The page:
Dreaming of going back on tour | Otago Daily Times News Online
Marlin’s Dreaming’s was formed in 2017 here in Otepoti, and their Lizard Tears debut defined an airy post-demarco sound that struck a chord with indie music lovers looking for a bit of laid-back melancholy.
Now with their third album, Hasten, they’ve taken the sound they established on Lizard Tears and evolved on last year’s Daily, and peeled off the layers, exposing a raw, fragile core.
“It was mostly kind of me in my bedroom writing about my acoustics after work at home and then we would take him to the Chick’s Hotel and kind of jam the songs and everything,” says singer Semisi. Maiai.
“A lot of it was based on everyday ramblings really, I would come home from work and eat something, then go straight to my room and jump on the acoustics.
“Kind of, I guess, a stream of consciousness stuff that I had encountered at the cafe that day.”
One of the most striking things about Hasten is the production. Where Quotidian was blanketed in a misty down, Hasten is face-to-face clarity and intimacy.
It is as if a veil has been lifted. The guitar sounds are almost entirely crisp (no more wet chorus that defines the post-demarco genre), and the use of effects is restricted.
“I guess it’s just a steady progression of the sound for us, since I was 19 when Marlin’s Dreaming started. I’m now 24 …” explains Semisi.
“It’s been like four or five years of a lot of changes for me, like moving cities and coming back here, going overseas and then coming back here. It just opened up a lot of influences to me.
“I guess there’s like a serious one, and it’s pretty immediate and looks pretty determined, I get the impression.
“Tom Bell who mixed it, he did a really good job translating our take on the music and the way we wanted it to sound, and he’s more of the intimate vocal style kind of, so he pushed. a lot of visceral stuff with the vocals, like a lot of breathing and it feels like it’s pretty close. He really looked into that. “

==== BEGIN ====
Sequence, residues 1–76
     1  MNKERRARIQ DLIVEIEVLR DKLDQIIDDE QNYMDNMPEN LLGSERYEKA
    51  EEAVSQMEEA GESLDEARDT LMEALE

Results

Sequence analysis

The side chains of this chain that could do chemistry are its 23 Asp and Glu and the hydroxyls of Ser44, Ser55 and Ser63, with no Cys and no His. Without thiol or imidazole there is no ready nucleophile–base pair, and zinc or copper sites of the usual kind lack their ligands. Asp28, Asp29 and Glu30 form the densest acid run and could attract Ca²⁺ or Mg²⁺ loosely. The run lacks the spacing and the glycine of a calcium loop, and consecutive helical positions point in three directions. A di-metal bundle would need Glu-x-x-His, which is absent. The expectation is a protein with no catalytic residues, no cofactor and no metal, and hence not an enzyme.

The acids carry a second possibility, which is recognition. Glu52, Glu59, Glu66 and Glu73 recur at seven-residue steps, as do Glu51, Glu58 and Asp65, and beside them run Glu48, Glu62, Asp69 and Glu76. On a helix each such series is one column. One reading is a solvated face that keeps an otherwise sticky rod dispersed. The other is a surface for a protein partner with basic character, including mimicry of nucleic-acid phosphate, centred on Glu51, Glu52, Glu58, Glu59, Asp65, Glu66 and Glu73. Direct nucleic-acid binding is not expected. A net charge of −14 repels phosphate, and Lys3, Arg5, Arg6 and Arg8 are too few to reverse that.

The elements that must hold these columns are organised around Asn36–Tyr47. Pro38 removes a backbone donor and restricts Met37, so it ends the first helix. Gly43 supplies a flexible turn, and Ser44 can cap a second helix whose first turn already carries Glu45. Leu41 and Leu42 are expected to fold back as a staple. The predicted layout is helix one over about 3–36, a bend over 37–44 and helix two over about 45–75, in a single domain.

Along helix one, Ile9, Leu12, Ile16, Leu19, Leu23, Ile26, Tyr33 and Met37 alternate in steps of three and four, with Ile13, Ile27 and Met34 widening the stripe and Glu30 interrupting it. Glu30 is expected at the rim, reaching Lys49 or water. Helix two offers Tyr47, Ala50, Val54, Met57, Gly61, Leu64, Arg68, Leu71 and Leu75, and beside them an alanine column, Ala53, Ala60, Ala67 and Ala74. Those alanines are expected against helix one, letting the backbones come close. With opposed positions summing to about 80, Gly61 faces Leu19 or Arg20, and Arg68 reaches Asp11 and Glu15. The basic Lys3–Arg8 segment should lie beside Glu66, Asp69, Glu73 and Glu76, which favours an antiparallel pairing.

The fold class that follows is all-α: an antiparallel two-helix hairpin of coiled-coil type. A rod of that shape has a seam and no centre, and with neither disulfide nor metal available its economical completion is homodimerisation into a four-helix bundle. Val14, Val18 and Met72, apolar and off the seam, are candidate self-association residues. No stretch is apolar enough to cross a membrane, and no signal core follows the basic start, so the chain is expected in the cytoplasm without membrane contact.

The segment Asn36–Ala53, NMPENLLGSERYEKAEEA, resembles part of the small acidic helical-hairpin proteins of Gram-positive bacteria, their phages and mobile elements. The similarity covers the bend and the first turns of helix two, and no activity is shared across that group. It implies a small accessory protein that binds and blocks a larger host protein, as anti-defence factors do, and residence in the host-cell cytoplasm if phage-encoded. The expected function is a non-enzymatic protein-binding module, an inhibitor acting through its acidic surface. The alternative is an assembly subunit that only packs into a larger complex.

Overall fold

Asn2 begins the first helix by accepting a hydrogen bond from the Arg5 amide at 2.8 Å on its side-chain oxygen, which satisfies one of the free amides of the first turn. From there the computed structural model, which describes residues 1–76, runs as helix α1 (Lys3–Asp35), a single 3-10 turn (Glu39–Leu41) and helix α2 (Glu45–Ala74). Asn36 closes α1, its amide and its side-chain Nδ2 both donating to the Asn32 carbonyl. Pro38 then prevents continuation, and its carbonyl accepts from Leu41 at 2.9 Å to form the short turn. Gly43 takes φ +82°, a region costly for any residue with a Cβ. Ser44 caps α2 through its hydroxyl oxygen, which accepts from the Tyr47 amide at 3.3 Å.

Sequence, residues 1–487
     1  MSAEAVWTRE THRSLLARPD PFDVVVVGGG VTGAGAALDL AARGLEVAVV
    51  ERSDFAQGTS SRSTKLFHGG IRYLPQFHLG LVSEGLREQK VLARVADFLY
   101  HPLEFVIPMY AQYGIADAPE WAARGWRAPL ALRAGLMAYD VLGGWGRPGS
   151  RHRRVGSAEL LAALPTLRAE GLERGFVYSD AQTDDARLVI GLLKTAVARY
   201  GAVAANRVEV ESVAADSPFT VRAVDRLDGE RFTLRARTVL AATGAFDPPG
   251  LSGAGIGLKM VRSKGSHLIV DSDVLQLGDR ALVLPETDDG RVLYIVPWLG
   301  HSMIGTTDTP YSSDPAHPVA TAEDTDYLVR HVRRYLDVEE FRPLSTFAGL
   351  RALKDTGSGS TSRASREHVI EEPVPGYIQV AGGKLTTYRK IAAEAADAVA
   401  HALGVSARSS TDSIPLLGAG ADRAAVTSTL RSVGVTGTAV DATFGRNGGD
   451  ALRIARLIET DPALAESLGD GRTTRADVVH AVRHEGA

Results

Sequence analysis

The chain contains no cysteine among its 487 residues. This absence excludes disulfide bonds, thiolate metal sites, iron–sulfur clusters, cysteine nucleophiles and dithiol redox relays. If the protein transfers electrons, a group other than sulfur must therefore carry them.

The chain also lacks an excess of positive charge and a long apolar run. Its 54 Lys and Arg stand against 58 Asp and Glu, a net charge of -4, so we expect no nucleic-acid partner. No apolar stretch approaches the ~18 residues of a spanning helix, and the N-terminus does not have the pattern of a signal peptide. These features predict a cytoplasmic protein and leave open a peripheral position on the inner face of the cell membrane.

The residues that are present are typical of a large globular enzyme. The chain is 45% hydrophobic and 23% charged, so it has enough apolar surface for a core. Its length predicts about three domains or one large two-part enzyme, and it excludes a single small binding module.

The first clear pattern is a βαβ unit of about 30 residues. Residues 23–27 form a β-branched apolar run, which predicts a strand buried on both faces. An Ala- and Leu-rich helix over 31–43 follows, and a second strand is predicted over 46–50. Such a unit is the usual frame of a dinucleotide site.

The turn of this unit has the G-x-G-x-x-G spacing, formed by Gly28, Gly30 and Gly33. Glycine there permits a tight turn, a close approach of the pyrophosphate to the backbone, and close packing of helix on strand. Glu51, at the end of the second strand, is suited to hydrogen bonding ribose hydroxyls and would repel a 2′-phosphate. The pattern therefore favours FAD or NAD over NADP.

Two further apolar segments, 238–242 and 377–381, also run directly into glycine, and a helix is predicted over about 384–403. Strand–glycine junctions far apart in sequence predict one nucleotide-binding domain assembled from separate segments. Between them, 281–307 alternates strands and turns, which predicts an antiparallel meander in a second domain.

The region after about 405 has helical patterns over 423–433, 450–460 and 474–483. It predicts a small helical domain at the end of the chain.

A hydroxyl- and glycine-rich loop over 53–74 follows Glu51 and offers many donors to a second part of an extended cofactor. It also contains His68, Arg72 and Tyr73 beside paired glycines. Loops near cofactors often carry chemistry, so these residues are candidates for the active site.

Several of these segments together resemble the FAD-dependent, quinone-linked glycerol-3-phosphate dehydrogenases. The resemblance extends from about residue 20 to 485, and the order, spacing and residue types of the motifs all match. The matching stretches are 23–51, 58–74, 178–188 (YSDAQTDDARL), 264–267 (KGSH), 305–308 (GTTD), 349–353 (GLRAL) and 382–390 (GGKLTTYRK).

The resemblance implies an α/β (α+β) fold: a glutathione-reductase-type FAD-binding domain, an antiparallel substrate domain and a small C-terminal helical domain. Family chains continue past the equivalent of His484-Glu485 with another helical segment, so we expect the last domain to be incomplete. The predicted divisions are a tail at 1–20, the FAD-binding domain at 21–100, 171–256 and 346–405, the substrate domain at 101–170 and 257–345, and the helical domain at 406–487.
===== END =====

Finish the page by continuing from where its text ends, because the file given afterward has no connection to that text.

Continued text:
Nowhere is this more apparent than on the last track Lumia.
On Lumia, it’s just Semisi and his guitar, a first on an album for him. It’s a beautiful song, and the production serves the song rather than distracts it, with a subtly layered reverb elevating the key moments.
“It’s funny because most of the time the songs are written like that, but we often develop them in the jam space with the band, and keep the ideas going in that live setting.
“So for Lumia it was just a demo I wrote in my room during the lockdown and instead of taking her into the group space we ended up using this demo I recorded with a rather detuned guitar that I plugged into the interface in my laptop, and a few layered vocals recorded very quickly with very poor recording equipment and techniques.
“But Tom just mixed it up and it sounded good, and it definitely gave him a different feeling than a lot of the other songs on the album, which I think I’ve always enjoyed, the variety on a record.”
It’s a shame that foreign fans of the band are probably waiting for a tour because this kind of record deserves to be experienced live. Even here in New Zealand things are still a bit on the back burner, with tour dates shifted as the outbreak continues.
The Marlins also feel frustration.
“We were really looking forward to going to Australia and Europe at one point, but I guess we’ll just have to see that all goes well.
“I think it’s been pretty tough for a lot of bands. I mean there are bands that depend on touring for their income, and they all quit their jobs and took a big step forward, so I’m pretty Luckily, we hadn’t really gotten to where the band was our full-time thing, so I work in a cafe, and everyone has other jobs.
“But it’s been really tough, I guess the spirits are going down a bit in terms of what you’re capable of doing and you can’t just be like we’re just going to play a show here.”
“Marlin’s Dreaming – Hasten Album Release Tour”, Friday October 8 at Dive. $ 35.
– Fraser Thompson